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Starz goes OTT: Leveraging the present for a stake in the future

As legacy OTT apps steadily gain subscribers, the choice fornetworks to go over the top seems less like an experiment and more like good business.

At least that is what Starzis hoping as it launchesan OTT app of its own. The company will deliver its programming via a digital subscriptionservice as well as through its traditional linear channels.

Granted, the OTT world is still largely in testing phases, especiallyfor network-based apps as opposed to aggregators like Netflix Inc. and HuluLLC.

"I think all of that frankly is partly driven by the desireto experiment with certain business models," S&P Global Market Intelligenceanalyst Tuna Amobi said in an interview. "We haven't detected any type of commonthread as to say, 'OK, here's the type of company that will go one direction orthe other,' because everyone is still trying to figure this out."

While it may be true that the actual models — bundled versusindependent apps, advertising versus subscription, hybrids of each — are still underdevelopment, Amobi and other analysts said that it is clear OTT services are goingto help define the future of content consumption. For a company like Starz, it isimportant to get in the game as soon as possible.

SNL Image
Hits series "Outlander"
Source: Starz

"It's going to grow. It becomes a question of who is goingto have the staying power when all these apps proliferate. It becomes a more consumer-drivenproposition," Amobi said.

One source said in an interview that HBO, one of the first traditional television networksto go over the top with its HBO NOW product, planned for a short-term OTT experiment.The network did not really expect the service to crack the 200,000-subscriber mark.Now, with an estimated subscriber base of 800,000 and growing, it seems HBO willkeep its popular OTT service in place.

Ooyala principal analyst Jim O'Neill was more confident on Starz'splans in the OTT television space, saying definitely that these apps are no longerin the experimental stages. It is clear now that digital streaming services willbe an important part of the future of video consumption, and while it is growingslowly, each network will likely implement its own OTT strategy to stay in stepwith the industry, the analyst said.

"The writing's on the wall. We're moving to this direct-to-consumermodel. It's not unreasonable to think that a total a-la-carte economy is out there,"O'Neill said.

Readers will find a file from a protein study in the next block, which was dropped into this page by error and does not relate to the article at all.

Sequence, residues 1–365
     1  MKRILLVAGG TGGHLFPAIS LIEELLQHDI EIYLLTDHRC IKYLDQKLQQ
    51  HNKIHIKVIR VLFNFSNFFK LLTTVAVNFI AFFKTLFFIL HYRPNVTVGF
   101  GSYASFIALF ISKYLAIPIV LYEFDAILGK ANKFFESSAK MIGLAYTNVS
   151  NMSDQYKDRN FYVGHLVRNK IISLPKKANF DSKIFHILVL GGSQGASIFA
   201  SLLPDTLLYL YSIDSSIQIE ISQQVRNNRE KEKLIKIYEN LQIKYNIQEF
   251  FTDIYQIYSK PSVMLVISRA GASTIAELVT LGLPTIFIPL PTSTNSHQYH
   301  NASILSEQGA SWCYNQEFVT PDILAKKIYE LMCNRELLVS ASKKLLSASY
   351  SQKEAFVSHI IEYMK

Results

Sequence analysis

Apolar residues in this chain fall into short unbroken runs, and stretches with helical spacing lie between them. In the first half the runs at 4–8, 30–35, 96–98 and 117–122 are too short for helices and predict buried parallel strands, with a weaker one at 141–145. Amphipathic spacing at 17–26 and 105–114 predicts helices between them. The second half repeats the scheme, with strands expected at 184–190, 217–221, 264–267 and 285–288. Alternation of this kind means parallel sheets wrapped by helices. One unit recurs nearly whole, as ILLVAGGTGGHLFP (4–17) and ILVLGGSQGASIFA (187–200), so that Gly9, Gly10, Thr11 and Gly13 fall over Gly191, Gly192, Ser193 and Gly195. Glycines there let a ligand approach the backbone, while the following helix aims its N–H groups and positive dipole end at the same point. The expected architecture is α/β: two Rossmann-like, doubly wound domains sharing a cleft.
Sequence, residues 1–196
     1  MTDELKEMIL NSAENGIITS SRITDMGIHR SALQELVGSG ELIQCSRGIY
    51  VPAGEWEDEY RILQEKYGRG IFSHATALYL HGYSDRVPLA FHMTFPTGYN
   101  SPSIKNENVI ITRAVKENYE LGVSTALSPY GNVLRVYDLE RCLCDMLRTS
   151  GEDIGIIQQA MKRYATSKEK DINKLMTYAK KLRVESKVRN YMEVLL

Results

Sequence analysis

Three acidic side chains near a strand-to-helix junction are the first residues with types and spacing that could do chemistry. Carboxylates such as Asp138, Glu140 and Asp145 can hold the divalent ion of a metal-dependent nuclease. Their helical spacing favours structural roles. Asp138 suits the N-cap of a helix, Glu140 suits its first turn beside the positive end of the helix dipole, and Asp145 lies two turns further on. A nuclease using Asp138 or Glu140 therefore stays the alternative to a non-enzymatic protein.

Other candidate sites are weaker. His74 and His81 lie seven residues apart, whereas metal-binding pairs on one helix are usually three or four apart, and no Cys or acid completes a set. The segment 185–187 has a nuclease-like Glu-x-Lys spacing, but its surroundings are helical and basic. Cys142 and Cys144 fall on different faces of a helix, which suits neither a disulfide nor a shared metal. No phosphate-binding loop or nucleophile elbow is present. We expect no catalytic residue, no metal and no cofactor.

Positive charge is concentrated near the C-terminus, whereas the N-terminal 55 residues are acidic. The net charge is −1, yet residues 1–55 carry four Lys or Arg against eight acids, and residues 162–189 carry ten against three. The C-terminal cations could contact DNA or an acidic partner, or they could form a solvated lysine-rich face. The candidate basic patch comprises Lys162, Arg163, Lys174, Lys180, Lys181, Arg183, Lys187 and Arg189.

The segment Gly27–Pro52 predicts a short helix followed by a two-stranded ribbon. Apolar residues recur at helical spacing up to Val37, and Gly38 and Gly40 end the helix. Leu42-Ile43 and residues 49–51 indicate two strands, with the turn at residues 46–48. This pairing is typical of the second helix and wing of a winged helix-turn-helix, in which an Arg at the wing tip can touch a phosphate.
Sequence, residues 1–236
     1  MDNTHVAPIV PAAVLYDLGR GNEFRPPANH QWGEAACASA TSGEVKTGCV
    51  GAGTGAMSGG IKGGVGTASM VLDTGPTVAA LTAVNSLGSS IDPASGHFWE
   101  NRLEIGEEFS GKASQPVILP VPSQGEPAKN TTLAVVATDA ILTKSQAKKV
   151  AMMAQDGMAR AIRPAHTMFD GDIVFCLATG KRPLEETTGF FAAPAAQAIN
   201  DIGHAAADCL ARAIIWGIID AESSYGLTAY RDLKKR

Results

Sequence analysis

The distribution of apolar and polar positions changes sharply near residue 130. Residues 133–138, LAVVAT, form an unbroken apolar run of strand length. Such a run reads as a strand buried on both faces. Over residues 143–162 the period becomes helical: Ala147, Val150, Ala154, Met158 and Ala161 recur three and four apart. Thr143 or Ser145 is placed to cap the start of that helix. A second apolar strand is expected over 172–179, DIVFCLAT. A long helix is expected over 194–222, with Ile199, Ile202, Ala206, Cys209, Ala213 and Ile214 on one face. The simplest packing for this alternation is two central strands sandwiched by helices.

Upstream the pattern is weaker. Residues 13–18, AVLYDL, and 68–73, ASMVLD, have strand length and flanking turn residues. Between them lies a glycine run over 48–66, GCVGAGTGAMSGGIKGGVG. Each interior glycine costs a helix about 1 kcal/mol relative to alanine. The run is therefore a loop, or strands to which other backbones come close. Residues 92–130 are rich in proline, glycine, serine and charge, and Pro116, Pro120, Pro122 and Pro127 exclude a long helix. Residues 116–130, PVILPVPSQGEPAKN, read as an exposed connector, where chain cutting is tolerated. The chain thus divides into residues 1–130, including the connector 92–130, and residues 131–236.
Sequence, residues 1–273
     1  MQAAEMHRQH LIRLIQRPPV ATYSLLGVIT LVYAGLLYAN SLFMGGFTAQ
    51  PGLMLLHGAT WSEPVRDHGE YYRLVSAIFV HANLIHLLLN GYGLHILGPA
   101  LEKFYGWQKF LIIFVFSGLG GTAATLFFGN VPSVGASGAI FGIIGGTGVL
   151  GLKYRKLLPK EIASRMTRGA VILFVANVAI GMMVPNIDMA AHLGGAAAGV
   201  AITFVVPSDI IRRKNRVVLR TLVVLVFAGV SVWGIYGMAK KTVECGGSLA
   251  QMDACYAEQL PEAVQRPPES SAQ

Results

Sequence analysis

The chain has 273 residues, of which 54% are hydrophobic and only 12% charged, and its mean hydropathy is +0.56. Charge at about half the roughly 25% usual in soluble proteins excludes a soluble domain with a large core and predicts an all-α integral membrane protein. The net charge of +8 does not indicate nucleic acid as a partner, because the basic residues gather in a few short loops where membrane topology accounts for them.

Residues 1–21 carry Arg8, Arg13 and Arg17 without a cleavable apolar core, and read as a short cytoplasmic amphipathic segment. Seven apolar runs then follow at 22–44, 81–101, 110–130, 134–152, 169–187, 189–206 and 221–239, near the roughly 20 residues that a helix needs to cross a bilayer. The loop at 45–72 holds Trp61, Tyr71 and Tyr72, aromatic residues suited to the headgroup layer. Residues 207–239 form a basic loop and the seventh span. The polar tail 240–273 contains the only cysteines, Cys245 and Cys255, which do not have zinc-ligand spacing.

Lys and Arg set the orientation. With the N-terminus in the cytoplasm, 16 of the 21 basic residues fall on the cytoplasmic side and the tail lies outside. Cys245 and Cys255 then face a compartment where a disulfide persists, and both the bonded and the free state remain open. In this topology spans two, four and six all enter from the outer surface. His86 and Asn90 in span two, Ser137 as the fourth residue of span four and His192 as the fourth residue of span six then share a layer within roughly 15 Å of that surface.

He pointed to the 20 million broadband-only domestic householdsthat will likely stream content from one source or another, a market Starz CEO ChrisAlbrecht referred toin the news release for the new service.

The largest, most successful services are still SVOD aggregatorslike Netflix, Inc.and Hulu, of course. Even DISH NetworkCorp.'s Sling aggregated OTT platform is showing strong momentum. SNLKagan's estimates suggestthat the company added about 100,000 subscribers, or roughly 25%, to its subscriptionbase from the third quarter to the fourth quarter of 2015, and O'Neill said Slingis charting a very similar growth trajectory to Hulu, which now sits near the topof OTT services with almost 11 million estimated subscribers.

The reach of individual network apps is typically much smaller.HBO NOW, one of the most successful, still has fewer than 1 million subscribers,according to SNL Kagan estimates. But many in the network-app space are plenty bullishon the future. CBS Corp.,for example, intends tocollect $800 million in OTT revenue by 2020 for its Showtime and All Access platforms.

Bill Carroll, senior vice president and director of content strategyfor Katz Television Group, said that networks that have original content offeringsare especially considering a stand-alone app.

"Is it better to offer to a Hulu or a Netflix and monetizeit that way, or is it better to directly monetize it through your own over-the-topoffering? At this point I don't know that anyone could conclusively answer thatquestion, but if you don't experiment then you have no way of knowing," Carrollsaid.

For Starz, now is the time for an OTT launch, he argued. Thecompany's original-content offerings are gaining momentum, with shows such as "Outlander"growing viewership and seeing a strong critical response. Programmers with originalcontent will want to protect their brands, where a network's brand tends to getlost in a Netflix or Hulu service.

"You have the potential to drive viewers to the app whenyou have a breakthrough show, so I think that currently given that they have a breakthroughshow, that's when you want to take the opportunity," Carroll said. "Timingis everything."

O'Neill generally agreed. He said that the OTT apps availableare "enormously successful" relative to the nascent state of the industry,and that relative success will grow into strong revenue generators in the future.He compared the current system of smart TVs, mobile devices and clunky OTT interfacesto "playing with black-and-white TV sets." As the technology gets betterfor delivery, the business models become savvier, and the user interfaces becomemore streamlined, growth will accelerate. Already more than 60% of Americans subscribeto at least one SVOD service, he added.

"I don't think it's unreasonable to assume that 60% of themcould subscribe to an OTT service," he said.

So with traditional television viewership flattening out anddigital streaming services growing rapidly, if still from a small base, Starz islooking to air its newly minted content via a platform that offers more growth potential.

"You don't want to be left behind because investors aregoing to keep asking what you are waiting for," Amobi said. "So it's notsurprising Starz is jumping in, and there's going to be more to come."